With growing issues over his wealth (which makes fellow plutocrat Bush seem a charity case by comparison), the miasma over his medals and ribbons (or ribbons and medals), his uninspiring record in the Senate (yes war, no war), and wishy-washy efforts to mimic Bill Clinton's triangulation gimmickry (the protractor factor), Kerry sinks day by day. The pros all know that the candidate who starts each morning by having to explain himself is a goner.

What to do? Look for the Dem biggies, whoever they are these days, to sit down with the rich and arrogant presumptive nominee and try to persuade him to take a hike. Then they can return to business as usual—resurrecting John Edwards, who is still hanging around, or staging an open convention in Boston, or both.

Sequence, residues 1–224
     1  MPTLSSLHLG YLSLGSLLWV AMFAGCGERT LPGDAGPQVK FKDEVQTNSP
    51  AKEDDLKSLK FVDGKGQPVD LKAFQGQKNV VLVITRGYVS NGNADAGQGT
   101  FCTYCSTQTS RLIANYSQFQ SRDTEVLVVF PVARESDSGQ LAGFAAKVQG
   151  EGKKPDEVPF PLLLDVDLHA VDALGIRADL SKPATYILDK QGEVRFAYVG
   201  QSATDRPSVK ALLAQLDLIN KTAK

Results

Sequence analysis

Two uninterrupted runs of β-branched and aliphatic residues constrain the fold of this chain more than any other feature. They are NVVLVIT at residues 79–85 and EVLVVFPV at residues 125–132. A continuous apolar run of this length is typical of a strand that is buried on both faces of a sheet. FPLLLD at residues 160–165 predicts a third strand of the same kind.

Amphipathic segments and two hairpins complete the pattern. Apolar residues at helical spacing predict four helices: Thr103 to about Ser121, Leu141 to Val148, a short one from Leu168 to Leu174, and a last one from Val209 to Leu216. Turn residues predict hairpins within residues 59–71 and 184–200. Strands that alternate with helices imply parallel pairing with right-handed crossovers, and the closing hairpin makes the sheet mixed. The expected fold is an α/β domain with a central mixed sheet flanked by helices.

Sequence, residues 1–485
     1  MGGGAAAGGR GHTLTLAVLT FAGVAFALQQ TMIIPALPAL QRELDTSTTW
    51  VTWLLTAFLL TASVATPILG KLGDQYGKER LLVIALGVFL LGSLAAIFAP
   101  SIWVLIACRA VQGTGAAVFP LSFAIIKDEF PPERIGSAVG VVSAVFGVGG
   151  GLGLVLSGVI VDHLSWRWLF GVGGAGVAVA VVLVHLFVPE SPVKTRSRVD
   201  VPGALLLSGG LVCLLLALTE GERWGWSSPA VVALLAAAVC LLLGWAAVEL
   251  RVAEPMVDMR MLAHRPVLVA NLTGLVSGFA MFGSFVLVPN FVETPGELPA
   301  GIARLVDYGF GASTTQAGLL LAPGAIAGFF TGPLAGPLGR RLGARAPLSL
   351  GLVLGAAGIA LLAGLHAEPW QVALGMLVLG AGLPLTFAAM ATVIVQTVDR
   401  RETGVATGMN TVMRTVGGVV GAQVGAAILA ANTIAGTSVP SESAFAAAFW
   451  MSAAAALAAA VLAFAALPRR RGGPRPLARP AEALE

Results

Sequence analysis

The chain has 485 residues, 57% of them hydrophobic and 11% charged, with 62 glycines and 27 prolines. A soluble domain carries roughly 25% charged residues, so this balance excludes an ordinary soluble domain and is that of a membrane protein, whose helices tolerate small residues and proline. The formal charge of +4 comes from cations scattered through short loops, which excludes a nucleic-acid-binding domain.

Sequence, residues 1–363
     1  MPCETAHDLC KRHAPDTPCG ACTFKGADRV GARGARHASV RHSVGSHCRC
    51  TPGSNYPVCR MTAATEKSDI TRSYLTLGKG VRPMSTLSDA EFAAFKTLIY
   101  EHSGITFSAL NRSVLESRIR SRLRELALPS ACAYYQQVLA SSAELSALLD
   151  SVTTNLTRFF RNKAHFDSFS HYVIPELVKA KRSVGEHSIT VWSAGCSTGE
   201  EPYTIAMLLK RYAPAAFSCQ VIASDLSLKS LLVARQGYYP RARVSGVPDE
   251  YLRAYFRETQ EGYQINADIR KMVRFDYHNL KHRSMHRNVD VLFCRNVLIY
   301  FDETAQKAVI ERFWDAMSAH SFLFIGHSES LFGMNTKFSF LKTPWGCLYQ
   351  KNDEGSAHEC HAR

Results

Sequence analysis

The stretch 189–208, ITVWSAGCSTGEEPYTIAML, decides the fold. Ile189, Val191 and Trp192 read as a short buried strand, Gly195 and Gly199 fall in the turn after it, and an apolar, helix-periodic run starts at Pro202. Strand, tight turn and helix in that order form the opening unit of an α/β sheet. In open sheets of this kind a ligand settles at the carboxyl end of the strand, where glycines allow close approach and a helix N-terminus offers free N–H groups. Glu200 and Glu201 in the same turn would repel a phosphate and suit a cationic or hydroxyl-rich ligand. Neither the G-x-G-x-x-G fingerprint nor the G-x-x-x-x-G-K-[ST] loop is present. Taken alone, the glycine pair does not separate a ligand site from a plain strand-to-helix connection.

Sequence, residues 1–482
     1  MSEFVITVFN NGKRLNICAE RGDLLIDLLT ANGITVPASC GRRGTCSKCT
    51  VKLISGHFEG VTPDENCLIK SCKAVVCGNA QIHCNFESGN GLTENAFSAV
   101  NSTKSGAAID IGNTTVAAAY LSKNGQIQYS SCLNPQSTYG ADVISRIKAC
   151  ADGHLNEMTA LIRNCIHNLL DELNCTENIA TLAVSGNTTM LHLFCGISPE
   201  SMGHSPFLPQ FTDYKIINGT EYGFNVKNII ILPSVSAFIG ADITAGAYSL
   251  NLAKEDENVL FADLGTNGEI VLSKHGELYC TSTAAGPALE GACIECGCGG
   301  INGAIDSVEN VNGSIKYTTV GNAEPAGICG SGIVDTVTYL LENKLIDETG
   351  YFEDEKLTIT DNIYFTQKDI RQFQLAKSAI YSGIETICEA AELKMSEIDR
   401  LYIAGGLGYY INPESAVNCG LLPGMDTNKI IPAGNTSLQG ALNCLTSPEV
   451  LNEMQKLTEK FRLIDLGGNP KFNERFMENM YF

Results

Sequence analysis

If things proceed as they are, the dim-bulb Dem leaders are going to be very sorry they screwed Howard Dean.


Additional reporting: Alicia Ng and Phoebe St John

Just a note here. The Village Voice is one of New York City's most left wing papers. If they are calling for a candidate other then Kerry, Kerry should be worried!

Kerry and the Winter Soldiers

Here is an insightful look at John Kerry's anti war escapades.
Winter Soldier
Explaining Liberal Anger

By Keith Burgess-Jackson Published 04/27/2004
Tech Central Station

Why are liberals such as Paul Krugman, Michael Moore, and Howard Dean so angry and aggressive? I like to think that I have insight into this matter, since I was a liberal for a long time. If you haven't been a liberal, you may be puzzled by what you hear and read from them. They may seem -- dare I say it? -- insane, or at least discombobulated.